Linked: How Everything is Connected to Everything Else and What it Means for Business, Science, and Everyday Life.
Reductionism was the driving force behind much of the twentieth century’s scientific research. To comprehend nature, it tells us, we first must decipher its components. The assumption is that once we understand the parts, it will be easy to grasp the whole. Divide and conquer; the devil is in the details. Therefore, for decades we have been forced to see the world through its constituents. We have been trained to study atoms and superstrings to understand the universe; molecules to comprehend life; individual genes to understand complex human behavior; prophets to see the origins of fads and religions.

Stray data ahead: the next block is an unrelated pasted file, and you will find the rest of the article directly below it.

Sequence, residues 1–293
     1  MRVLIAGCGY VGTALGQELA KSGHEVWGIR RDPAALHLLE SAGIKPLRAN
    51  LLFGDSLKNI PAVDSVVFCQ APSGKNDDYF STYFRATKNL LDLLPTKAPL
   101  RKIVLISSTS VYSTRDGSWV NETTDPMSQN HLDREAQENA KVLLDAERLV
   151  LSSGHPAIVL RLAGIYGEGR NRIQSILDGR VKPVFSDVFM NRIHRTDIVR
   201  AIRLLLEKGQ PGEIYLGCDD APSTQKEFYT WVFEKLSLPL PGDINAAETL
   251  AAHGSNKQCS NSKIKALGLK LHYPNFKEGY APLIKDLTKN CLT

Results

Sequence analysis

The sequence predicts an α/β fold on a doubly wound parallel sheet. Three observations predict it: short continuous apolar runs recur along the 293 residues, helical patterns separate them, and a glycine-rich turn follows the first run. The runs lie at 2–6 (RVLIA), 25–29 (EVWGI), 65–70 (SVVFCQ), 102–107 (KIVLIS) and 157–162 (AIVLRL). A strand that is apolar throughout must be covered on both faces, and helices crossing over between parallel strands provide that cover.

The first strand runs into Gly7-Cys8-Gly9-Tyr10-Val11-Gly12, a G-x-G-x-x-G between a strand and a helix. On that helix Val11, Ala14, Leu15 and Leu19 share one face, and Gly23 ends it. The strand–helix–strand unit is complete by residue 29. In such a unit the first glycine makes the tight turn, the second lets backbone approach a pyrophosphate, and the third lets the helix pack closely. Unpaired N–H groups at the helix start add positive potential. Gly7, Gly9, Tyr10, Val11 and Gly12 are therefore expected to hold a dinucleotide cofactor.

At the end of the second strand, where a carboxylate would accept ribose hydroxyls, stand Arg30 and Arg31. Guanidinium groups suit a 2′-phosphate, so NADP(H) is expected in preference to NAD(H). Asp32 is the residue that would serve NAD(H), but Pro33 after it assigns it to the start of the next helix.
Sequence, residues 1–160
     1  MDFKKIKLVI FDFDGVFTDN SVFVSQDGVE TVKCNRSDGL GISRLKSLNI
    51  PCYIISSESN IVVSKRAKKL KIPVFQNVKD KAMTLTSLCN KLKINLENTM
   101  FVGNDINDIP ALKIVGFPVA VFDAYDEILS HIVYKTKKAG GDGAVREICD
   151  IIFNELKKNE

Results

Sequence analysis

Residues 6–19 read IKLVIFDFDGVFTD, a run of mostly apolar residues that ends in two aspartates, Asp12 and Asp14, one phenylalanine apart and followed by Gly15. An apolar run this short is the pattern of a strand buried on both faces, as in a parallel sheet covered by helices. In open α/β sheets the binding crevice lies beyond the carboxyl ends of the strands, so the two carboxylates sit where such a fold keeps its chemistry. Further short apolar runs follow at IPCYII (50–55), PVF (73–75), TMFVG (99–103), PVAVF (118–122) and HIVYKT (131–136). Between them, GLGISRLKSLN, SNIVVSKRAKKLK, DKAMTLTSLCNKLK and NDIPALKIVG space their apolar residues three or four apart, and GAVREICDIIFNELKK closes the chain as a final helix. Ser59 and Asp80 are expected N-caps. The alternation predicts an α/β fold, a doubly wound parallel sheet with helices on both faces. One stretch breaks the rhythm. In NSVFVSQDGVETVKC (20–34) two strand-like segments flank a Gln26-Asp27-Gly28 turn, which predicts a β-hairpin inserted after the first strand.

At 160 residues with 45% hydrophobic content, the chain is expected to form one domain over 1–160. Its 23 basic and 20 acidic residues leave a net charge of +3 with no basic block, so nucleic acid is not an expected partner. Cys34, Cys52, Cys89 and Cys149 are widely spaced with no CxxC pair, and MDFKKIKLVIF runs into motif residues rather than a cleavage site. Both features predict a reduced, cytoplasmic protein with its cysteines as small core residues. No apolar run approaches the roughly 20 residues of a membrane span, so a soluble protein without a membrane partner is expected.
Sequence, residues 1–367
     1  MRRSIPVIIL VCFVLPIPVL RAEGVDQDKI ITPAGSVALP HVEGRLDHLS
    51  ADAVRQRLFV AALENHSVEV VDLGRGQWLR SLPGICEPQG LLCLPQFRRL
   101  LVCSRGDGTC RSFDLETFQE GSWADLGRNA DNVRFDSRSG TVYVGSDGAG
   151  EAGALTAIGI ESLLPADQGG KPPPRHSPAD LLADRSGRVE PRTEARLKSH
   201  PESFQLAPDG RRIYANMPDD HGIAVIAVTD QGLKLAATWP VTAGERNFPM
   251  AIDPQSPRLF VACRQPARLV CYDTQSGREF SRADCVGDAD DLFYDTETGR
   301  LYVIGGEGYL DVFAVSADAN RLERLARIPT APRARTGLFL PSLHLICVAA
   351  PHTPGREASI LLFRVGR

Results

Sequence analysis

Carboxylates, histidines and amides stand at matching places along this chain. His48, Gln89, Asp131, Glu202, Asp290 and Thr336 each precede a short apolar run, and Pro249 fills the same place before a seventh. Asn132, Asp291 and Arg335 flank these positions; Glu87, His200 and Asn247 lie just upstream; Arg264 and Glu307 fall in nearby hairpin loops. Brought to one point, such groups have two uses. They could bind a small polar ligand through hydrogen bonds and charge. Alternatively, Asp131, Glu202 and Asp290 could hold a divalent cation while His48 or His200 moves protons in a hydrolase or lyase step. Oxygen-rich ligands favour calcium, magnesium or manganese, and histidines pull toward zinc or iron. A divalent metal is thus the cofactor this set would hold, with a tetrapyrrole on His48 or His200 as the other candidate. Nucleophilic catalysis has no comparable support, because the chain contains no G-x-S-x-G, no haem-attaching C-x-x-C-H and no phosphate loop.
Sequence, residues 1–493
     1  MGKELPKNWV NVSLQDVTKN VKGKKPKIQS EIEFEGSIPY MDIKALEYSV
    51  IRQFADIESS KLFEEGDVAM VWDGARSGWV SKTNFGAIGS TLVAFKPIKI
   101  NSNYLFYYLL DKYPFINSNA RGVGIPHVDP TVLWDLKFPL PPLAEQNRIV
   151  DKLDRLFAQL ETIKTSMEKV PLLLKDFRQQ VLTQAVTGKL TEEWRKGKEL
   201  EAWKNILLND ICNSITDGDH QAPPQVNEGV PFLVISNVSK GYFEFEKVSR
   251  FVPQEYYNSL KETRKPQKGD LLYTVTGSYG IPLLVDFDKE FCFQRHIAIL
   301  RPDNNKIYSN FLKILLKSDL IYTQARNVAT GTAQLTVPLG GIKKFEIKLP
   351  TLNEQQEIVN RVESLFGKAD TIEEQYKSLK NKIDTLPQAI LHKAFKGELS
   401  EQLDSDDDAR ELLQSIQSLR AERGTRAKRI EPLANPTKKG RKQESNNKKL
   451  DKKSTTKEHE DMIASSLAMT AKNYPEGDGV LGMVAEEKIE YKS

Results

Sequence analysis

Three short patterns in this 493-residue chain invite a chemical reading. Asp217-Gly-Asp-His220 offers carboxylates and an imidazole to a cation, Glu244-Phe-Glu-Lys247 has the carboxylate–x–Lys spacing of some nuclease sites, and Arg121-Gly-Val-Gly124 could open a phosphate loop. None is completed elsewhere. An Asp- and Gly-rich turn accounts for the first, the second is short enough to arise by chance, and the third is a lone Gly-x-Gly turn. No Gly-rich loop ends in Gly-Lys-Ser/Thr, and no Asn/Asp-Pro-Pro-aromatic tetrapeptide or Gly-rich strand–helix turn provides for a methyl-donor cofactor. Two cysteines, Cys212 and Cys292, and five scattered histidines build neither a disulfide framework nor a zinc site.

Now we are close to knowing just about everything there is to know about the pieces. But we are as far as we have ever been from understanding nature as a whole. Indeed, the reassembly turned out to be much harder than scientists anticipated. The reason is simple: Riding reductionism, we run into the hard wall of complexity. We have learned that nature is not a well-designed puzzle with only one way to put it back together. In complex systems the components can fit in so many different ways that it would take billions of years for us to try them all. Yet nature assembles the pieces with a grace and precision honed over millions of years. It does so by exploiting the allencompassing laws of self-organization, whose roots are still largely a mystery to us.